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#PulpNonFiction: How to make men and women desire you

This week, I've been wading through Robert Robert Greene's The Laws of Human Nature. It's a monster of a book that combines Green's insights into, well, human nature! The book dives into psychology and sociology to help us understand what makes us do the things we do and make the choices we make so that we can master both our own lives and the lives of others (it must be said, Greene has been compared to Niccolò Machiavelli, with good reason).
#PulpNonFiction: How to make men and women desire you

Unlike many other authors in personal mastery genre, Greene intersperses his pop psychology with historical antipodes and case studies designed to back up his ideas. This, I thoroughly enjoyed. I am a huge fan of accumulating general knowledge, especially of the historic persuasion. One of these such historical interludes focused on Gabrielle Bonheur "Coco" Chanel and the highly calculated tactics she used to build her brand into a global empire.

As Green explains, Chanel mastered the art of making her art irresistibly desirable. The key to her success was understanding that us humans desire what other humans desire. And, more importantly, in order to be desirable, it is essential to first be desired. At first this sounds like a catch-22; if the prerequisite to desirability is to already be desirable, how can anyone (or any brand) then move from undesirable (or worse, unknown) to being desired? The answer, according to Greene’s analysis of Chanel is to employ a magic trick of sorts.

Step one: Be seen in all the right places

The illusion, like any magic trick, has two elements - what is revealed and what is concealed. What is revealed is designed to focus attention, to draw the eye to what the magician wants us to see. In Chanel’s case, she focused attention on creating the illusion of success and status by placing her unknown brand on fashionable bodies in fashionable areas. She dressed high-status socialites (for free), in her most eye-catching garments, in and around exclusive beach towns during the summer season, ensuring her distinctive look was impossible to miss while vacationing in the area. In this way her brand was instantly associated with the youngest, richest and most beautiful attributes of the romantic, sophisticated French Riviera, therefore creating instant desirability.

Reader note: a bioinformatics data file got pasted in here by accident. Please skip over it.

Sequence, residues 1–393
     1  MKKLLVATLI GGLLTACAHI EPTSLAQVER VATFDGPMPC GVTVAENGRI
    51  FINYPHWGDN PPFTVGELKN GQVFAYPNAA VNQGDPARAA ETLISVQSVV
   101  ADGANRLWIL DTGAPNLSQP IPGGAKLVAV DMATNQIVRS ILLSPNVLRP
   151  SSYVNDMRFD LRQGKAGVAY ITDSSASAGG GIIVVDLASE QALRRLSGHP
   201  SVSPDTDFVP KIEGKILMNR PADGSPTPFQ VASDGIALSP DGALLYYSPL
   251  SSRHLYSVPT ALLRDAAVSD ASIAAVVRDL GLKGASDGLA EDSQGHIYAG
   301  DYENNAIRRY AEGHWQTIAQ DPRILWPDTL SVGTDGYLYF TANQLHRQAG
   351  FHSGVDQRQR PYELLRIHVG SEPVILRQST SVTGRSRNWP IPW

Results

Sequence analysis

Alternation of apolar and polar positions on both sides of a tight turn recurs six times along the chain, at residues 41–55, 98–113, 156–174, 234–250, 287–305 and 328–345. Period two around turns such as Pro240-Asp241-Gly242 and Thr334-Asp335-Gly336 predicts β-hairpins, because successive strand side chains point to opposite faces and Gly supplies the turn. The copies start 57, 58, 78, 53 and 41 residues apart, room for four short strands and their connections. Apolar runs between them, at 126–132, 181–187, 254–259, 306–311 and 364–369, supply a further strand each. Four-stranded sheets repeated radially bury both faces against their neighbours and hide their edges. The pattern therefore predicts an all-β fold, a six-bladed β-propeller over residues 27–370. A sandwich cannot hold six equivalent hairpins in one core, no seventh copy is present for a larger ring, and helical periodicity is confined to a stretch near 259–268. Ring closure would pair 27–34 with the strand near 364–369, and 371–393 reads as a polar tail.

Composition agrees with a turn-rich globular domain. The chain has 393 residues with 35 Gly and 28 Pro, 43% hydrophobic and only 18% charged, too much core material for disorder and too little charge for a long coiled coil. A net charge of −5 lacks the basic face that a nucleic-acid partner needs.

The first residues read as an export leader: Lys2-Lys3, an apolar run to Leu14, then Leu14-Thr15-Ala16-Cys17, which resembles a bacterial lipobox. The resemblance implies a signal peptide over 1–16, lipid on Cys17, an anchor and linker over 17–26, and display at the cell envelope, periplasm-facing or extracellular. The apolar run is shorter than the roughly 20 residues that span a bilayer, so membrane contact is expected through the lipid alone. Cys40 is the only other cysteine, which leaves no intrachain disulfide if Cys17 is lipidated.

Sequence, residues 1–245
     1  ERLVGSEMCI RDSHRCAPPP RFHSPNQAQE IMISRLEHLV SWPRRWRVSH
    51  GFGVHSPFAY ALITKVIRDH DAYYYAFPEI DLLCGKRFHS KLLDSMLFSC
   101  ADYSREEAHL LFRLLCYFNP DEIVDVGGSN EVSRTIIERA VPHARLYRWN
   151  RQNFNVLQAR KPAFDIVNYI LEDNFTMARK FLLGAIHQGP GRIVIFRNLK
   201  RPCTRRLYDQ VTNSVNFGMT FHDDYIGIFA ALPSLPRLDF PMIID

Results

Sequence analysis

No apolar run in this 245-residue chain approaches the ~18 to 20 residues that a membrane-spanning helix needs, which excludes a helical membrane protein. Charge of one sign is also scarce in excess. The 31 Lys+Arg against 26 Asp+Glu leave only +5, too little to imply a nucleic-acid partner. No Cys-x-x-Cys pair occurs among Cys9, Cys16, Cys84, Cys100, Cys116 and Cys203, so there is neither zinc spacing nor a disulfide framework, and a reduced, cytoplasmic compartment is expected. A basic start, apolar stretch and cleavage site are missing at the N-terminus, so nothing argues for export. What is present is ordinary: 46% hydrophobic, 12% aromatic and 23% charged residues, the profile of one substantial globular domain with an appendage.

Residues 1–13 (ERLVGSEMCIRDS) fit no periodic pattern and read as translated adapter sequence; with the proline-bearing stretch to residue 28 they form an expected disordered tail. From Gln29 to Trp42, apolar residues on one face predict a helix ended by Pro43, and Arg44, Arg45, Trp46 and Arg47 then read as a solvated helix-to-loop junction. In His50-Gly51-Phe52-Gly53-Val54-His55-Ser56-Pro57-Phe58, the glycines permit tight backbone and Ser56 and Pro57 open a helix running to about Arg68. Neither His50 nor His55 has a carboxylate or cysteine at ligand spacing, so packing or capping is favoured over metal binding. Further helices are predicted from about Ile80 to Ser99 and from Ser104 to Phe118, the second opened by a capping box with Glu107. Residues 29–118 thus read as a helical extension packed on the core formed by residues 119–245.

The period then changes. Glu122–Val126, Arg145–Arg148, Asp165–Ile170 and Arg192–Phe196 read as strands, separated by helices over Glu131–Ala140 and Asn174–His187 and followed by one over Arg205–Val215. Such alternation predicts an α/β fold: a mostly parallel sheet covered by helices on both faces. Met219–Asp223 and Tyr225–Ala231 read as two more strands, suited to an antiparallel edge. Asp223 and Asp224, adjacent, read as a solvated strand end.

Yes, you will recognise this is the same now cynical and tired strategy brands attempt to emulate today, when paying beautiful, popular “influencers” to pedal their wares, however, all too many brands forget the second part of what makes the magic trick work - mystery.

Step two: Play hide and seek

Chanel was also a master of using mystery to enhance her desirability. As lover will acknowledge, absence makes the heart grow fonder. A little mystery can greatly enhance allure, while over exposure can diminish a once desired object’s esteem.

To create this mystery, and fuel the maddening desire that comes from wanting something that you cannot have, Chanel would frequently display or tease products that were not yet available for sale. For example, before she started selling her ladies swimsuits (a daring idea at the time) she designed and made one for herself and made sure all the right people saw her strutting around all the right beaches in it. She used the same strategy to launch her famous perfume. Months before the perfume was available for purchase, she sprayed the scent liberally in her store, but if any of her customers asked about the beguiling scent she would pretend she didn’t know what they were talking about. Once she was satisfied the scent was indeed getting noticed, she started slipping complimentary unbranded bottles of the perfume into her favourite customers shopping bags. Only when her customers were practically begging to buy coveted mystery scent did Chanel finally “relent” and allow them to do so!

Brand love

In other words, getting your customers to desire you brand is just like trying to get someone to fall in love with you. You want to be seen in all the right places with all the right people in all the right light, but you also need to remain just elusive and mysterious enough to instil just the right amount of jealously and frustration in your beloved. As in love, as in war - as in business - it’s all about playing the game.

About Bronwyn Williams

Futurist, economist and trend analyst. Partner at Flux Trends.

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